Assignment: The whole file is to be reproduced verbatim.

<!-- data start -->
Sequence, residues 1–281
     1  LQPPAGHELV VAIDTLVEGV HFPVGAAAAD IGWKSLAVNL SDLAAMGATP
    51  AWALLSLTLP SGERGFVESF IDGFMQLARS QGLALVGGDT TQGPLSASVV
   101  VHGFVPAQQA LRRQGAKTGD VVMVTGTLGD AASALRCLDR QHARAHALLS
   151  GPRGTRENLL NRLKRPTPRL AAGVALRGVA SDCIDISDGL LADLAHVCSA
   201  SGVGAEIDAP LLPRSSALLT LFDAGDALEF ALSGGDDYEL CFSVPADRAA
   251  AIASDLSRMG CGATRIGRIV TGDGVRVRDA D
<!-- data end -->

Sequence, residues 1–281
     1  LQPPAGHELV VAIDTLVEGV HFPVGAAAAD IGWKSLAVNL SDLAAMGATP
    51  AWALLSLTLP SGERGFVESF IDGFMQLARS QGLALVGGDT TQGPLSASVV
   101  VHGFVPAQQA LRRQGAKTGD VVMVTGTLGD AASALRCLDR QHARAHALLS
   151  GPRGTRENLL NRLKRPTPRL AAGVALRGVA SDCIDISDGL LADLAHVCSA
   201  SGVGAEIDAP LLPRSSALLT LFDAGDALEF ALSGGDDYEL CFSVPADRAA
   251  AIASDLSRMG CGATRIGRIV TGDGVRVRDA D